2.3. Investigation Methods

The clear definitions of symptoms, the specific methods, and the order of inquiry diagnosis are given in the scales. All samplers must have undergone unified training. The group members assemble regularly and discuss the information of typical patients to ensure the consistency of the collected data.

2.4. Diagnosis Methods

Three senior chief doctors with plenty of experience in clinical practices were invited for inquiry diagnosis of the cases in terms of the CG diagnostic standards made by our research group. If two of them have the same diagnosis results, the case was included. Otherwise, the case was not adopted until at least two of them came to the same conclusion.

2.5. Data Input and Process Methods

We have the following methods(1)Build a database with Epidata software.(2)Input data two times independently.(3)The Epidata software compares the two data sets and checks out mistakes.(4)Check the investigation form logically in case of filling errors.

2.6. Feature Extraction Methods

To obtain the proper set of symptoms for each syndrome, we employed four feature selection methods, namely, mutual information (MI) [14], information gain (IG) [15, 16], conditional mutual information method (CMIM) [17], and minimum redundancy maximum relevance (MRMR) [18], to investigate the relationship between the symptoms and the six common syndromes (patterns), such as the accumulation of damp heat in the spleen-stomach, dampness obstructing the spleen-stomach, spleen-stomach qi deficiency, spleen-stomach cold deficiency, liver stagnation, and stagnated heat in the liver-stomach.

2.7. Multilabel Learning Methods

Many real-world problems involving ambiguous objects lose useful information when analyzed using the traditional single-label algorithm. Thus, it will be harmful to the learning performance. To minimize this information loss, multilabel learning was proposed.

Most traditional multilabel classification approaches to learning methods in vector spaces are used based on the assumption that the instances should have the same set of features in the input space for each label. However, for specific labels, not all the features have strong correlations. ML-kNN is the lazy multilabel learning algorithm based on k-nearest neighbor techniques (kNN) [19]. Similar to the kNN algorithm, it finds the k nearest neighbors for each test instance; however, in ML-kNN, the label of each test instance is estimated directly using the k nearest neighbors in instance. We applied a new algorithm called REAL to fit the characteristics for inquiry diagnosis in TCM based on ML-kNN. The REAL algorithm extracts the best feature subset correlated with a certain label as its input space and then calculates the posterior probability combined with the ML-kNN algorithm. The REAL algorithm is shown in Algorithm 1.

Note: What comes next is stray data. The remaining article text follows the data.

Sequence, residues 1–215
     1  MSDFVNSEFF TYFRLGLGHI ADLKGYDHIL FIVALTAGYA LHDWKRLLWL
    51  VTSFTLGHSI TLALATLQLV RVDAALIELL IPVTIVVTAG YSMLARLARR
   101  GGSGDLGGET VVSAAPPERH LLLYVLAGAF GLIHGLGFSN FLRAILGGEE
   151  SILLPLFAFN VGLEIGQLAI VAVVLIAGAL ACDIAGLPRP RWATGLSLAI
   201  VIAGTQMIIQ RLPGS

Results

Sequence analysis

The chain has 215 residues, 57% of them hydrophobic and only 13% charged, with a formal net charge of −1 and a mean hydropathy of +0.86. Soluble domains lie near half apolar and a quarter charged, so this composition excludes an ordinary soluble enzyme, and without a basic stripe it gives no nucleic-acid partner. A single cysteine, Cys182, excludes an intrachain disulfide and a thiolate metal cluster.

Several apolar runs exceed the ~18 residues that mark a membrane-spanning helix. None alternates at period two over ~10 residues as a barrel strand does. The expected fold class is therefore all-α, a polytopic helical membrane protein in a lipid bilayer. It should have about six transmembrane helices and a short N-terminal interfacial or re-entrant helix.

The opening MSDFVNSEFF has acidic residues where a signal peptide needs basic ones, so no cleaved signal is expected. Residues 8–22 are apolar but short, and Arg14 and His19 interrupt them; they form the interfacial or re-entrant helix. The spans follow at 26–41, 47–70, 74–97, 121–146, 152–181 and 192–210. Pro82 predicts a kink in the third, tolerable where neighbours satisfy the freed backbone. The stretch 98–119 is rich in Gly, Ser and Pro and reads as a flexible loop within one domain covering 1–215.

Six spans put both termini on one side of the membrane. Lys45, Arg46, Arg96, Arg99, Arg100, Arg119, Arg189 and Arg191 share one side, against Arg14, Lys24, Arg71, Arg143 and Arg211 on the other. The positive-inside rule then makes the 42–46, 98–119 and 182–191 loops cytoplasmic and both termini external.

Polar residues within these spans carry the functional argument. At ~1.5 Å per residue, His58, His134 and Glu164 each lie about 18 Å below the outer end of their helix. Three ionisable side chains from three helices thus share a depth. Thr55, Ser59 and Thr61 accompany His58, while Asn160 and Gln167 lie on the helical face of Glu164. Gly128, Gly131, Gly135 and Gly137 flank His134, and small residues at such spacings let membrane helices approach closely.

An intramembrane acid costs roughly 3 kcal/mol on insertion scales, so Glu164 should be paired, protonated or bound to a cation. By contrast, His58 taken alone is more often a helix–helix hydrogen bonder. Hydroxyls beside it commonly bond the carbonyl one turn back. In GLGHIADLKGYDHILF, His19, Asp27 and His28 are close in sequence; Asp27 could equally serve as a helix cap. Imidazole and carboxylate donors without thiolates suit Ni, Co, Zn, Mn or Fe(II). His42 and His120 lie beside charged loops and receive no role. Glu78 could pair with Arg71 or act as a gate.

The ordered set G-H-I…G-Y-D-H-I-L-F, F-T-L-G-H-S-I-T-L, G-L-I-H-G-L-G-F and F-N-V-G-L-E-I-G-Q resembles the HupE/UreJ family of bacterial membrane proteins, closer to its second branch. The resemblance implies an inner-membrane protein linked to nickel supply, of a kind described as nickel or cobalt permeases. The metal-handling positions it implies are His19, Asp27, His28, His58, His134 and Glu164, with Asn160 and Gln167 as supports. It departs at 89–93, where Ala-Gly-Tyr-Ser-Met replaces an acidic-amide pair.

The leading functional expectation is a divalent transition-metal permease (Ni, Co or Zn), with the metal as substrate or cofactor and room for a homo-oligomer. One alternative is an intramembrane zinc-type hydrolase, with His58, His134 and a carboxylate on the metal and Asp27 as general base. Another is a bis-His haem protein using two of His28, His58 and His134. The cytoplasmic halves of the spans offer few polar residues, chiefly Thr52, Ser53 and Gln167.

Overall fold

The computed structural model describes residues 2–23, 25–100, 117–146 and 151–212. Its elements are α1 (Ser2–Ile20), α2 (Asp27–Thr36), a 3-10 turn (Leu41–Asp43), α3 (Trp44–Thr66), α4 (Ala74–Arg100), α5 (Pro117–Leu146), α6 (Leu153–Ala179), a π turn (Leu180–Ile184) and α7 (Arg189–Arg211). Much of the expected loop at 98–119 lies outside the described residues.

alg1
Algorithm 1: REAL algorithm.

2.8. Experimental Design and Evaluation

Different characteristics were selected using the REAL algorithm. We selected 112, 100, 70, 60, 50, 40, 30, 20, 10, and 5 symptoms (signs), which correlated with each syndrome to build a syndrome model to study the influence of the different symptoms (signs) on the diagnostic model.

Considering each example could simultaneously be associated with multiple labels, performance evaluation in multilabel learning is different from single-label learning. The following five multilabel evaluation parameters presented in [20] are used in this paper.

Average Precision
It evaluates the average fraction of labels ranked above a particular label , which actually are in . The performance is perfect when ; the bigger the value of , the better the performance one has.

Coverage
It evaluates how far on the average we need to go down the list of labels to cover all the proper labels of the instance. It is loosely related to precision at the level of perfect recall. The smaller the value of , the better the performance one has.

Ranking Loss
It evaluates the average fraction of label pairs that are reversely ordered for the instance. The performance is perfect when ; the smaller the value of , the better the performance, where denotes the complementary set of in be the finite set of labels.

Hamming Loss
It evaluates how many times instance-label pairs are misclassified; that is, a label not belonging to the instance is predicted, or a label belonging to the instance is not predicted one has, where denotes the symmetric difference between two sets.

One-Error
It evaluates how many times the top-ranked label is not in the set of proper labels of the instance. The performance is perfect when we have. For any predicted , equals 1 if holds and 0 if otherwise. Note that, for single-label classification problems, a one-error is identical to an ordinary classification error.

3. Results and Discussion

3.1. The Results of the Finest Symptoms (Signs) Subsets
3.1.1. The Results of Finest Subsets of Specific Symptoms (Signs)